If you hadn’t guessed it, “me too” is trending on social media. This originated after allegations were made that Harvey Weinstein, cofounder of Miramax, had sexually harassed countless women and raped several others, including prominent actresses like Gwyneth Paltrow.

To further exacerbate this recent news, recorded footage of Weinstein harassing women was released and subsequently denied by the accused.

This possibly could be overlooked, explained away as the everyday debauchery of Hollywood, but unfortunately it is a narrative that sounds eerily familiar to another misogynist harasser with power and money. That’s right, I’m talking about President Donald Trump.

So many of us are raising our voices to say it is not okay. It wasn’t then, it isn’t now, and it should not be a part of our narrative in my daughter’s future.

Some of us, you might say, are praying for a reversal.

And for me, all day yesterday, as I read my friends’ "me toos" I thought of a lesser known scripture from the Old Testament.

If you aren’t familiar, during the time of ancient Israel when a Prophetess named Deborah served as judge, the Israelites were being oppressed by the Canaanites in Hazor. Deborah learned that King Jabin’s men, led by a soldier named Sisera, would be heading her way, so she alerted Barak from Kedesh to be ready with more arms, more men, more horses. Sisera was surprised when he advanced Mount Tabor and found his enemy prepared for his arrival. His fleet was destroyed, and the mighty oppressor fled the battlefield on foot, hoping for safety with a neutral family of peasants in the tribe of Heber. Instead, he met his end. Asking Jael, the wife of Heber, for water, instead he was given a warm cocktail. Hoping to rest on his sojourn back home, instead he meets a swift death, his brain penetrated by a humble tent peg. Who could have seen that coming?

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I’m not a man-hater. It’s probably silly that I even have to make that disclaimer. Because highlighting unacceptable behavior on the behalf of some men does not indict all. But it does open eyes that might deny that such a reality exists. I mean, what would cause millions of women to share the two words “me too” publicly, in a flood of Facebook posts?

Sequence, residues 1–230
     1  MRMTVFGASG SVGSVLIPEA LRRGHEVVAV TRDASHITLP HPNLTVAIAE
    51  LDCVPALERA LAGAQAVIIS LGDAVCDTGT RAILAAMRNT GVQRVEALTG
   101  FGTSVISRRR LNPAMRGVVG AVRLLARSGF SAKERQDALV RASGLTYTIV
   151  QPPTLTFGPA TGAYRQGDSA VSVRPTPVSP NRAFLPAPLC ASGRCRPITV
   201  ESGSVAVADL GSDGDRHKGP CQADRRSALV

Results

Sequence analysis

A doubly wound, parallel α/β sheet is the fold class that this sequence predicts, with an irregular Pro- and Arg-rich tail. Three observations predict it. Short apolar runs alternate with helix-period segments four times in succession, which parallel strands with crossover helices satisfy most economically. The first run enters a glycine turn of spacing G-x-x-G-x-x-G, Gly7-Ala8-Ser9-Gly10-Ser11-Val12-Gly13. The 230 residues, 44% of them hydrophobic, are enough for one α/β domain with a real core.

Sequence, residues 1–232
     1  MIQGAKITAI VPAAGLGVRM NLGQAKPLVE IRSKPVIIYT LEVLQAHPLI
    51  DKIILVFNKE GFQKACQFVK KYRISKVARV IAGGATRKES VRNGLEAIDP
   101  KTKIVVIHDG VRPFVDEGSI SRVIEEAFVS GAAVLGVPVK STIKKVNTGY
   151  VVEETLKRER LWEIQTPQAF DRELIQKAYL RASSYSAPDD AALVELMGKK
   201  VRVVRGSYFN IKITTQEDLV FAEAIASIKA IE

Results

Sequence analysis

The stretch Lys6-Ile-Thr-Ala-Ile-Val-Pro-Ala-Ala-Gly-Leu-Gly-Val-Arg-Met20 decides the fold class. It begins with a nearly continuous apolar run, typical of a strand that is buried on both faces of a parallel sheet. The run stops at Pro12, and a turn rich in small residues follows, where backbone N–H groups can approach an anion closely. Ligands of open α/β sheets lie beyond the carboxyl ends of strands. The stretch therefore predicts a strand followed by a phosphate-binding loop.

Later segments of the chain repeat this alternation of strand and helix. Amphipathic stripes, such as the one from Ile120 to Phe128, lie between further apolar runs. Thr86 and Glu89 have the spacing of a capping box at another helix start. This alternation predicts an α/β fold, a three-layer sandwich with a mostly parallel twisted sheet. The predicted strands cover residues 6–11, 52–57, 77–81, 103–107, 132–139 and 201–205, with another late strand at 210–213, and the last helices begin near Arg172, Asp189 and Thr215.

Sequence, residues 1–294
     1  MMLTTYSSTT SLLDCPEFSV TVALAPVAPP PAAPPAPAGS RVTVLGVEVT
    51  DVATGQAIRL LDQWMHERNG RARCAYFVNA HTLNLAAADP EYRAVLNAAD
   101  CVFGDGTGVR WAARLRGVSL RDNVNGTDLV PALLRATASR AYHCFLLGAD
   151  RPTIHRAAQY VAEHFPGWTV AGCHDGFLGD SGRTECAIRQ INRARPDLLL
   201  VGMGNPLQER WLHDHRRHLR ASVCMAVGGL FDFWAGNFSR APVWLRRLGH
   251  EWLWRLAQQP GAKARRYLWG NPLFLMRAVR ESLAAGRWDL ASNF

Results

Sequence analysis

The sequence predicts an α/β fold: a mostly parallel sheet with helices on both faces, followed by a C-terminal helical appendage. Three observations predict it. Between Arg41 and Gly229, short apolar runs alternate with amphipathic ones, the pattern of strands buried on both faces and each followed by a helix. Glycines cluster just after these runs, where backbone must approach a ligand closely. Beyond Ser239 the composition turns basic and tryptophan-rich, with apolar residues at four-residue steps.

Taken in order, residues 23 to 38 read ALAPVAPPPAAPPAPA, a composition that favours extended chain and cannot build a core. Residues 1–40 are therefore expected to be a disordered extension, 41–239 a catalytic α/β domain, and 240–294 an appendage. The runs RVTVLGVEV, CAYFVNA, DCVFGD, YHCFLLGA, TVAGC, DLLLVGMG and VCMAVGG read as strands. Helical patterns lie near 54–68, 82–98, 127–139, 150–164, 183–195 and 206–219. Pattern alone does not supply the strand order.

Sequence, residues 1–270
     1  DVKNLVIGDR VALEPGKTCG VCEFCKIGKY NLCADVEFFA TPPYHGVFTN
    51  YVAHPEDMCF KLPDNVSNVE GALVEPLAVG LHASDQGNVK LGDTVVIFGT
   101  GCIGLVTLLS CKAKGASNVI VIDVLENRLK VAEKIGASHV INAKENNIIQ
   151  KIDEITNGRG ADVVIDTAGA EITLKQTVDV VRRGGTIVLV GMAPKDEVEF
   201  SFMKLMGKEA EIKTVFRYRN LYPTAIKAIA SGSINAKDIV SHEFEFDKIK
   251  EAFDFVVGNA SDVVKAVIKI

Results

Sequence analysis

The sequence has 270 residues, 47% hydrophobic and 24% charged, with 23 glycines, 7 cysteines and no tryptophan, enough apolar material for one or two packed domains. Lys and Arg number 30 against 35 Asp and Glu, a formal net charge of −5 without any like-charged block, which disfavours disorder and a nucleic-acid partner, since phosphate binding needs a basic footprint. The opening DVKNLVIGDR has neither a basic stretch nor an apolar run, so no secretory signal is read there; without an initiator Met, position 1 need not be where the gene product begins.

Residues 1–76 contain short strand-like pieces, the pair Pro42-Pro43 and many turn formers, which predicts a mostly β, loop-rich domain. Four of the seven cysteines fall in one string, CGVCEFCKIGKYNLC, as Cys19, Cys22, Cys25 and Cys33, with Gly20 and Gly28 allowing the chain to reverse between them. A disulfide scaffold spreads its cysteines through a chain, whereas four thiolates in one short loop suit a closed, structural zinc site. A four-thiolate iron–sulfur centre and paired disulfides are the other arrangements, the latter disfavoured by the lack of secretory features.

Here’s what I recall from my own historical narrative of compromised safety and sexual harassment.

I remember hanging around a campfire at the Lake of the Ozarks with my boy cousins and my grandparents’ hired hand, a man who went by the name ‘Dody.’ I thought nothing of it. We kicked logs into the fire and he told a few jokes. But later, when I went into the house, my grandmother was overly concerned. “I don’t want you alone with him,” she said firmly. “He’s not family, he works for us.” I puzzled at her fear. Why were my boy cousins allowed at the fire and I wasn’t? Why was an untrustworthy man allowed to be around the house – if his presence around her granddaughters scared my grandma so much?

I was maybe eleven years old then.

I remember my first supervisor, or one of them, when I was in high school. He was a middle-aged pool salesman, who jokingly suggested one day that I wear something more “low cut” to work.

I was fifteen.

I remember a peer my junior year in high school calling me over to the lockers so he could make a lewd comment about what I was wearing. That day, as per my punky-usual attire, I was dressed in thrift store Levis and a vintage polo shirt. I remember feeling like no matter what you do, as a young woman, you are at the mercy of objectification. I fell to tears in my classroom across the hall.

I was sixteen.

There are other stories, too. In my early twenties, I left an iconic bar in Austin where I had anticipated seeing a quintessential Austin performer, Toni Price, because an overly intoxicated man was squeezing through the crowd simply to brush up against all the women gathered there. I sacrificed that fun night out because I did not want to be harassed.

We may not live in a world of ancient Prophetesses, desert tent-dwellers, and songs heralding the deadly tent peg of a peasant woman.  But I do think for some of us when we proclaim “me too” we are actually praying for a reversal of power. We are tired of expecting compromised safety is the norm, and like Jael’s tent peg, our enumerated “me toos” say: it’s time to listen - we mean it this time.

#momtheology: Grace & Skressin’, A Mom’s Travelogue (Part I)

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My family and I have been away from home for six weeks now. Mostly we’ve been relaxing, traveling, hosting friends and family at our cabin in the North Woods of Wisconsin.

Yesterday, two weeks from returning to Iowa, felt like the perfect vacation day. Not perfect because it was without glitches, but perfect in its wholeness. Perfect because I embraced my inner mom wisdom, prepared the kids’ bag sparingly yet smartly, and most importantly, was able to go with the flow; compromising on lunch plans, nap schedules, and planned activities for the day. It has taken me almost our entire vacation to learn these skills.

In these past many weeks, I’ve messed up, learned some things the hard way, even documented a few folk wisdom gems. What I’ll share with you is that vacationing with small children involves graciousness….and skressin. They are the yin and yang of the traveling mom, for sure.

Perhaps I should define my terms. Grace, as I understand it theologically—and as it goes with library book returns—is that strand of forgiveness that can sometimes be described as undeserved. Can we give that grace to our children? Our spouses? Ourselves? As for ‘skressin’ I guess I could have just called it ‘stress’ but this is kind of my new favorite word. According to Urban Dictionary, Skressin is like stressin, but somehow being chill about it. And how can you even attempt that without grace?